Back at the hotel, we helped James get his trailer and truck unhooked and situated within the garage. Then time for a bit of socializing in the hotel lobby with other early arrivals Chris Comly, Art, Russ Neal, and and a few others. I was missing the big carafe of lemon water that the Greenville Marriott had out for us two years ago, but I kept a small water bottle with me at all times from here on out during the start weekend. Previous experience in the dry southwest has taught me to stay ahead of dehydration.
When Dale Wilson rolled in on his hooligan sport bike, I immediately noticed that it sported a couple of the same model aux lights as I run on my forks. I eyed them with envy, wondering if he’d miss just one. 🙂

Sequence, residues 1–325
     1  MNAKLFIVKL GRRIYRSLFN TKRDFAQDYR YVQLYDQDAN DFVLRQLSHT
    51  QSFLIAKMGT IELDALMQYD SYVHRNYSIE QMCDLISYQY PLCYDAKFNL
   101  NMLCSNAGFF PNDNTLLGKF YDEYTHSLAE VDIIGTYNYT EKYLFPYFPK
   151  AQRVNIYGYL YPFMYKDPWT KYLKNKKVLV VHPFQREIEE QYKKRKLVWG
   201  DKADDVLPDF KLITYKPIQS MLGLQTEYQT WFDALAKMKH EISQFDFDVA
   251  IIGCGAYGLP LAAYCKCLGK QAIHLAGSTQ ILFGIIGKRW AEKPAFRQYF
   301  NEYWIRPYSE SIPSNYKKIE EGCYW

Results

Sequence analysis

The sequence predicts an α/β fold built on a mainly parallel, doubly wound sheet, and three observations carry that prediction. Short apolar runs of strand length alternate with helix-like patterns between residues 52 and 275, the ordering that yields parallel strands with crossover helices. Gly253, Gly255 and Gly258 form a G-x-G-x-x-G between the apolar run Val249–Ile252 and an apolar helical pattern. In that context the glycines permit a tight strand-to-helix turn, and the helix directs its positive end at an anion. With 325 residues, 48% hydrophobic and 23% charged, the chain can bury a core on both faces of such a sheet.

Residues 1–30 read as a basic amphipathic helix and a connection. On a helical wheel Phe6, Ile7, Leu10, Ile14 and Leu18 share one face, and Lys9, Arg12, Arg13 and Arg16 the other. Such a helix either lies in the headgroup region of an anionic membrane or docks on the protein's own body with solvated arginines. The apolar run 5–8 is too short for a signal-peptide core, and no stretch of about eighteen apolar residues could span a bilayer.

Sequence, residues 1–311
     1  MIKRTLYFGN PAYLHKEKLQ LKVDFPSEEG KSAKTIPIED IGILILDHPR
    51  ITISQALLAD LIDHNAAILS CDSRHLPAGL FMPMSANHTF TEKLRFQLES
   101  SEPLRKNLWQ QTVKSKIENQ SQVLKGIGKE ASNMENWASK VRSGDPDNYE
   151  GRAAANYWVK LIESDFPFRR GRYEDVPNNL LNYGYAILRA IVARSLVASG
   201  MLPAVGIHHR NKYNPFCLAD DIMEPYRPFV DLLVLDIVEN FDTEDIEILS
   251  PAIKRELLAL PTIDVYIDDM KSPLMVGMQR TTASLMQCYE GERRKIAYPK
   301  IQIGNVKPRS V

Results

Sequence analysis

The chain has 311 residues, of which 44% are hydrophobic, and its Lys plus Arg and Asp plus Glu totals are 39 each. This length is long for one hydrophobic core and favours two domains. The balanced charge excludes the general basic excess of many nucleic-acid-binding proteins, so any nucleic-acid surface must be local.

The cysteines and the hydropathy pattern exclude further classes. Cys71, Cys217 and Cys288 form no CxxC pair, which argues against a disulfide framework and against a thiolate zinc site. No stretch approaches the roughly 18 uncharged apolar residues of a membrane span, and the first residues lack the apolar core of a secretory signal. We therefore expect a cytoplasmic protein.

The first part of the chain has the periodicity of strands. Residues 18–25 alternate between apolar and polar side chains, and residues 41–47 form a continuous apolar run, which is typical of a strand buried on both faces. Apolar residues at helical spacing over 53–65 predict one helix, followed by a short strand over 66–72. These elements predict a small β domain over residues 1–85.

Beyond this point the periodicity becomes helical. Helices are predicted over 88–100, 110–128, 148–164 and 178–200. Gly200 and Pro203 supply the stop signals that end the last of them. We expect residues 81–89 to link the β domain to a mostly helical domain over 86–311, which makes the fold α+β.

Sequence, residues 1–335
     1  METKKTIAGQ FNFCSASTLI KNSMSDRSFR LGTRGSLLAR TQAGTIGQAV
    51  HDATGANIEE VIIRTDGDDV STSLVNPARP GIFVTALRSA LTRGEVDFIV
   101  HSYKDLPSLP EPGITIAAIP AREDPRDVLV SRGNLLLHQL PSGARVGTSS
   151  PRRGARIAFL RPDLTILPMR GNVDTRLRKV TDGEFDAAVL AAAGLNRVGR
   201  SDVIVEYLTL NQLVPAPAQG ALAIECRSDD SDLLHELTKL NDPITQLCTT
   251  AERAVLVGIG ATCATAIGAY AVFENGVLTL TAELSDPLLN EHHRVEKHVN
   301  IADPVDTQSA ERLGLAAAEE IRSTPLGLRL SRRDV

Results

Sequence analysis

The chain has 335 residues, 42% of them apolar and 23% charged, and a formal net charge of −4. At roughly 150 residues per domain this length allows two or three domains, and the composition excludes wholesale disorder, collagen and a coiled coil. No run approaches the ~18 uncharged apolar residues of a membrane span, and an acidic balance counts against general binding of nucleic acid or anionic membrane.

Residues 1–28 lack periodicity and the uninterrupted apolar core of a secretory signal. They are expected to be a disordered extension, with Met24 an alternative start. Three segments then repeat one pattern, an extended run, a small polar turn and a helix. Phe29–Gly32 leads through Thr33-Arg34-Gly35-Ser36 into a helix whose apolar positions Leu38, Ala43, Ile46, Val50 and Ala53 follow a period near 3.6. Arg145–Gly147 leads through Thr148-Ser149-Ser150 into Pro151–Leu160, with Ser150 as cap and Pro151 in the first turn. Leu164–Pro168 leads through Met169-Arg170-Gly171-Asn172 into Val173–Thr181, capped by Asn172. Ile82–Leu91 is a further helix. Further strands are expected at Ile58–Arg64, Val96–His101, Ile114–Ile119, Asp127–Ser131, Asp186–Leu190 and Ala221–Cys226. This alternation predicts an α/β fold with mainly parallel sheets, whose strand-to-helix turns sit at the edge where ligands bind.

That reminded me of my own light issue, so I decided to address it ASAP. I’d already confirmed that the ADVMonster lights were no longer available to buy, so getting a replacement or parts just wasn’t possible. My second tape-job had held up from Laramie, but I knew it wouldn’t stand the rigors of the rally riding to come. I figured I’d be able to effect a repair with the JB Weld I keep in my tool kit. Getting it done today should give it time to cure and then judge whether it would make a reliable solution for the rally.
While hot outside in the early afternoon, it was nothing compared to the 108 yesterday across Nebraska. I was actually feeling grateful for the opportunity to ride through such extremes to get here. It gave me some practice with hot weather ridecraft skills that I rarely need to use, and would make everything else seem cool in comparison.
The garage provided shade, and I took my time, mixing up some JB Weld epoxy and slathering it generously onto the light fixture threads, and between the housing components and circular bracket.